1st MICCAI Workshop on
“Distributed And Collaborative Learning”

Important Dates

- Submission Deadlines:

- Intention of submission 9th of July 2020
- Full paper submission 15th of July 2020

- Notification of Acceptance: 6th of August 2020
- Camera Ready: 15th of August 2020
- Workshop Date: 4 October 2020 (pm)

News

[July] Due to several requests, we decided to extend the submission deadline. Please note that the intention of submission still has to be entered into the CMT system until 9th of July 2020 and the full paper until 15th of July 2020.
[June] Submission deadline has been updated. Please submit your paper here. All MICCAI workshops - including DCL - will take place virtually this year.
[May] MICCAI's workshop schedule has been announced. The DCL workshop will take place on October 4 in the afternoon.
[April] Our first keynote speaker is confirmed! Dzung Pham will talk about governance and ethics in the era of distributed learning.
[March] The DCL Workshop has been approved for MICCAI 2020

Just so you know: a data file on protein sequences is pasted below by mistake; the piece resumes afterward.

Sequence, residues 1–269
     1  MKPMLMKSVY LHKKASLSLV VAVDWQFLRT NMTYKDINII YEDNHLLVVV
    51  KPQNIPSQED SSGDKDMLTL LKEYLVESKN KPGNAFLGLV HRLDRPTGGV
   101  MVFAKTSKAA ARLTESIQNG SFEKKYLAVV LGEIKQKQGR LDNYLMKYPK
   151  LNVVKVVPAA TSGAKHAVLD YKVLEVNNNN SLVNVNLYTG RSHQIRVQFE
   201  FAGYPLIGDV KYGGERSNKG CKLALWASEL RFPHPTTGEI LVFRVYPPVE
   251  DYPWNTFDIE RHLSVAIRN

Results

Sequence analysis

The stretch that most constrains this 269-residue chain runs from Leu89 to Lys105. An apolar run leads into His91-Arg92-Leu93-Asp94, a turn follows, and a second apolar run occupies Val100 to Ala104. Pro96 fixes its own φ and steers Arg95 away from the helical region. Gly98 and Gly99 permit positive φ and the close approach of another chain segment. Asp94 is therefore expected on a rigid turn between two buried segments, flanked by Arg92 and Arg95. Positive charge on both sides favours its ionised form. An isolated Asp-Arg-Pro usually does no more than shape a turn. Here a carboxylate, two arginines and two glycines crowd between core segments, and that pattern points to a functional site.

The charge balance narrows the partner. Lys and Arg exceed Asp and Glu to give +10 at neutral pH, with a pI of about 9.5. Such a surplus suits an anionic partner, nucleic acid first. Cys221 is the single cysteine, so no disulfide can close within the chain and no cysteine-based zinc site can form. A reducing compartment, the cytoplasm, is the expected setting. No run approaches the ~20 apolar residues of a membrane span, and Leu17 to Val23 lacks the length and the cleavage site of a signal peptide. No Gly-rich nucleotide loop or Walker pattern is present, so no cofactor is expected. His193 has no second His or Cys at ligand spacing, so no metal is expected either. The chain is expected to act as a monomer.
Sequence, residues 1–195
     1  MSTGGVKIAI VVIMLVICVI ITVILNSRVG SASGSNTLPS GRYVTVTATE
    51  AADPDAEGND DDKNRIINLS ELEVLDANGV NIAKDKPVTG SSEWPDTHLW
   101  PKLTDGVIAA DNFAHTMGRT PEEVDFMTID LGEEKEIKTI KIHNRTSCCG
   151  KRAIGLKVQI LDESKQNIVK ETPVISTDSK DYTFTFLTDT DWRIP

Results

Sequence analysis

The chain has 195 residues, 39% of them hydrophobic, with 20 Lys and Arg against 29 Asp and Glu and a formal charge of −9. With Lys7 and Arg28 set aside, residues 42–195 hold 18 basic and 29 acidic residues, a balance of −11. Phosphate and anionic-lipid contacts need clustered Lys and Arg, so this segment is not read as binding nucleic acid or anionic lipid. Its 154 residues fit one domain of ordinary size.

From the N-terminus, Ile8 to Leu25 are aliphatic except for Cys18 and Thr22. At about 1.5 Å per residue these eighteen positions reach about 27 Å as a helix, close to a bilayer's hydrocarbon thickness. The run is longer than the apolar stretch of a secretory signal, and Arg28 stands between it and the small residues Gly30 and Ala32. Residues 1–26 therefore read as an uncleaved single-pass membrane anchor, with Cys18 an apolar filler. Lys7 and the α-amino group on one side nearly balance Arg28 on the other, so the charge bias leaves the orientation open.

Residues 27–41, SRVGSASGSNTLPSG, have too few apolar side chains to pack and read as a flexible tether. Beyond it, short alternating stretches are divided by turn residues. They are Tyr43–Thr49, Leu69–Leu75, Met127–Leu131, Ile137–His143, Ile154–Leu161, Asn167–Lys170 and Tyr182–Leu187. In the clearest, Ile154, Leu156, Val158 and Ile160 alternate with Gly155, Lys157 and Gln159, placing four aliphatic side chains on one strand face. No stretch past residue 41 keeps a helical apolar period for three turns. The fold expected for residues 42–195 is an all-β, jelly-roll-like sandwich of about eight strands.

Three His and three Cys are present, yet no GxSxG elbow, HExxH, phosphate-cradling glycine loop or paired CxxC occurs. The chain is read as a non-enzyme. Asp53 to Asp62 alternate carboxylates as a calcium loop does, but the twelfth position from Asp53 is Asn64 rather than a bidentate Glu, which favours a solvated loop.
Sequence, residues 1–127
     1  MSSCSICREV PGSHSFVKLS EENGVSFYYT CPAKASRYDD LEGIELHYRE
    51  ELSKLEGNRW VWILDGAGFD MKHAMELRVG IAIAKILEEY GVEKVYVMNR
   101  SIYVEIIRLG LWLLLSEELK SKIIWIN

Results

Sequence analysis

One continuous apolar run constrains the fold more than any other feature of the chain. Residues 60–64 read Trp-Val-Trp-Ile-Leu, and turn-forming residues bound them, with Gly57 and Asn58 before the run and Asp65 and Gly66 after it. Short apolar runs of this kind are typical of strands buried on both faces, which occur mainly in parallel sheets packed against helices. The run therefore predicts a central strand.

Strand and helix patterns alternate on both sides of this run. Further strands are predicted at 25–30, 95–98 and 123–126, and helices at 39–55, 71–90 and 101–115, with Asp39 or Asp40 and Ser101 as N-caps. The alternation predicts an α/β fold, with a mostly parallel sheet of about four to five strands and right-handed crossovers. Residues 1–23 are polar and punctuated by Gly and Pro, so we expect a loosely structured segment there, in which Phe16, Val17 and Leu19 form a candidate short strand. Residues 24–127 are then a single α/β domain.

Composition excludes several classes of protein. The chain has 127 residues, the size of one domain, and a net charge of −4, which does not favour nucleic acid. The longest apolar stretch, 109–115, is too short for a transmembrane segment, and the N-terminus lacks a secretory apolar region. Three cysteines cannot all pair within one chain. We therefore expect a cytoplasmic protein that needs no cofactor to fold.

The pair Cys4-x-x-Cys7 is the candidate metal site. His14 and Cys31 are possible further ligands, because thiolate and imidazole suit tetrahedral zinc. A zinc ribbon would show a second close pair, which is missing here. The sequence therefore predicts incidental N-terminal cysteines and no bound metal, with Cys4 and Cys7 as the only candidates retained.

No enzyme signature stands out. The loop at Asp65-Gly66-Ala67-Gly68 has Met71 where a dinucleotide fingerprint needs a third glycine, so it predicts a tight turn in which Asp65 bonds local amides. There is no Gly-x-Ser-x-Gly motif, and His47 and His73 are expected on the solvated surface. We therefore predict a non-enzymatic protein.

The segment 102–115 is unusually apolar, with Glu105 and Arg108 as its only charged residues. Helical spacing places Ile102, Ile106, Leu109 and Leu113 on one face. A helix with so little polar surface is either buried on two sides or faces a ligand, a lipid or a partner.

Distributed and Collaborative Learning

Deep learning empowers enormous scientific advances, with key approcations in healthcare. It has been widely accepted that it is possible to achieve better models with growing amounts of data. However, enabling learning on these huge datasets or training huge models in a timely manner requires to distribute the learning on several devices. One particularity in the medical domain, and in the medical imaging setting is that data sharing across different institutions often becomes impractical due to strict privacy regulations, making the collection of large-scale centralized datasets practically impossible.